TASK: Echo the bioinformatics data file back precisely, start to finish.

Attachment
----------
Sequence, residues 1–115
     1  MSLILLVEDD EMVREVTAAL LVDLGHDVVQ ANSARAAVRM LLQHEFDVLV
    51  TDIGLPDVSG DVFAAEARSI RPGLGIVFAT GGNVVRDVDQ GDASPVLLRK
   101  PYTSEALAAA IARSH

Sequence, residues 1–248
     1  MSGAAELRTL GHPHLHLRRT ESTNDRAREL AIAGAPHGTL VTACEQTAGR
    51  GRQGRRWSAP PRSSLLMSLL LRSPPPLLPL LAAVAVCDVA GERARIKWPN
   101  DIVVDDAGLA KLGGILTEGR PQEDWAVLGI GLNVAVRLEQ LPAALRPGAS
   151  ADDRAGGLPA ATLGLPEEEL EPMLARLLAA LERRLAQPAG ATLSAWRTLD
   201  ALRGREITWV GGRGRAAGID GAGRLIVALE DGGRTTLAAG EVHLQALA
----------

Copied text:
Sequence, residues 1–115
     1  MSLILLVEDD EMVREVTAAL LVDLGHDVVQ ANSARAAVRM LLQHEFDVLV
    51  TDIGLPDVSG DVFAAEARSI RPGLGIVFAT GGNVVRDVDQ GDASPVLLRK
   101  PYTSEALAAA IARSH

Sequence, residues 1–248
     1  MSGAAELRTL GHPHLHLRRT ESTNDRAREL AIAGAPHGTL VTACEQTAGR
    51  GRQGRRWSAP PRSSLLMSLL LRSPPPLLPL LAAVAVCDVA GERARIKWPN
   101  DIVVDDAGLA KLGGILTEGR PQEDWAVLGI GLNVAVRLEQ LPAALRPGAS
   151  ADDRAGGLPA ATLGLPEEEL EPMLARLLAA LERRLAQPAG ATLSAWRTLD
   201  ALRGREITWV GGRGRAAGID GAGRLIVALE DGGRTTLAAG EVHLQALA